Hi, I’m Austin and just got enrolled in Marquettes business school about in the top 60 or 70 in the nation. I got mostly A’s in school and both my parents are senior project managers at jp Morgan. I am a driven student and want to be as successful as them. Does this school and their presence help me complete my goal of making 100k a year out of school?

Always disclose your affiliate relationship. Most visitors will probably understand that graphic ads will lead to your getting paid, but if you write a review or use an in-text link as a recommendation, you want your readers to know that may lead to compensation as well. This ensures you retain transparency and trust with your readers, but also, it's required by the FTC's endorsement rules.
100k in the Bay area is like 50k in most of the country adjusted for cost of living. I really wish we used adjusted salary more frequently in the US – including welfare, taxes etc. So many T10, T20 B schools are graded based off average nominal salary, which drastically overstates NE and California B-Schools in terms of their value due to their typical placement location.
That was more words the I intended to tap out on my phone screen…probably because I’m hurtling through the dark in a bullet train somewhere between Tokyo and Aomori toward the tail end of 3 countries in three days on two sides of the Pacific Ocean (for fun, not work) and my time-warped brain dropped into story time. My wife just told me to eat my bento box meal. I’m getting old. :-)

I do have to comment though on your section where you mention pursuing an MBA for a higher salary. This is risky. In order to attend one of those top universities full-time (because I’m fairly certain those universities don’t have part-time programs, and if so, part-time programs are not looked at with the same respect as full-time from recruiters), one must give up 21-24 months of employment (which, in my current situation is about $140-145K) as well as pay $120-140 for the program. That’s $280,000 in costs.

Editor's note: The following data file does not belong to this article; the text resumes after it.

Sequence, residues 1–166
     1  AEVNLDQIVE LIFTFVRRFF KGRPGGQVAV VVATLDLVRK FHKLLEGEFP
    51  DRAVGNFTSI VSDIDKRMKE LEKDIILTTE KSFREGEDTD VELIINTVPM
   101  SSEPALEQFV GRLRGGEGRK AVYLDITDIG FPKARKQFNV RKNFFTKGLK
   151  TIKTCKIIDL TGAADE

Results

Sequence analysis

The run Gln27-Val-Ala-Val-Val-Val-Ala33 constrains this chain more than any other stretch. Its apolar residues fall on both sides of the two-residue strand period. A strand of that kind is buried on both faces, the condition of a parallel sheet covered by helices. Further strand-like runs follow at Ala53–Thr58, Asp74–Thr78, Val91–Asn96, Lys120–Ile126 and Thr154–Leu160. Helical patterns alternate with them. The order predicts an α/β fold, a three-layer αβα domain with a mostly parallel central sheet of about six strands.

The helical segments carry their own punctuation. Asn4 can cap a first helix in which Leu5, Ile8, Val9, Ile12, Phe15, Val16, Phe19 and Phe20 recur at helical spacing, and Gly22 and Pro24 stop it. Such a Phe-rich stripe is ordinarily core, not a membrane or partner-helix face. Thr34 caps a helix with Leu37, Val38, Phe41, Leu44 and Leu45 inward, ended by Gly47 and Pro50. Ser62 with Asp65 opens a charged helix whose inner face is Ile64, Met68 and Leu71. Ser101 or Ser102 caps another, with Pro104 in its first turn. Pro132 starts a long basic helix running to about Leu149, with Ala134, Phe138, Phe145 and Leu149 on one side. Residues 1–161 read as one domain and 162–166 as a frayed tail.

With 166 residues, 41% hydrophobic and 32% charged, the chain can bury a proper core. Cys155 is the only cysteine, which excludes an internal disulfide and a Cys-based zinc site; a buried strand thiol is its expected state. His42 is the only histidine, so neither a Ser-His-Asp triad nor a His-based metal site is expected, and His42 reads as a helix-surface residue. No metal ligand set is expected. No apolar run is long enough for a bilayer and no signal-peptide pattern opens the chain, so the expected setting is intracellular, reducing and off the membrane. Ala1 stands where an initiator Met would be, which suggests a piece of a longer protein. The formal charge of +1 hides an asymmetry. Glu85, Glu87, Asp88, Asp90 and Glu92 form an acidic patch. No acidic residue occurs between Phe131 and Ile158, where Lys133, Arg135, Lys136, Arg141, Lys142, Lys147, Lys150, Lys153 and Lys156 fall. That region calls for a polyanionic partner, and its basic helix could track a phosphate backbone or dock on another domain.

Hey Cristina. The only way to achieve those figures is to build your own business and become your own boss. It takes hard work and dedication, and it ALWAYS takes money to make money on some level. If you want to make a million dollars, you best believe there are start up costs. The key is to find the right opportunity, with a low start up cost, and an IMMENSE support system in place. You need to find Mentors who have already achieved what you want to achieve and emulate their daily actions and habits.
Sam, in eastern Canada, anything over 40K-50K per person is starting to be considered “wealthy”. The oil province is a little more lenient in this regard since they have oil money to compensate. In fact, in Canada we practice wealth redistribution on a provincial scale, and the rich provinces must contribute in order to support the poorer ones. Quebec receives a bit more than $1000 per capita IIRC.
I think there are two basic ways to get to 100K. First is to plan a career that offers jobs that pay 100K as FS talks about above. The second is to follow a passion that can lead to 100K due to your skill or making a good business out of the passion. (So, the passion job is not typically a 100K job – but you find a way or you follow it to a direction that leads to that income).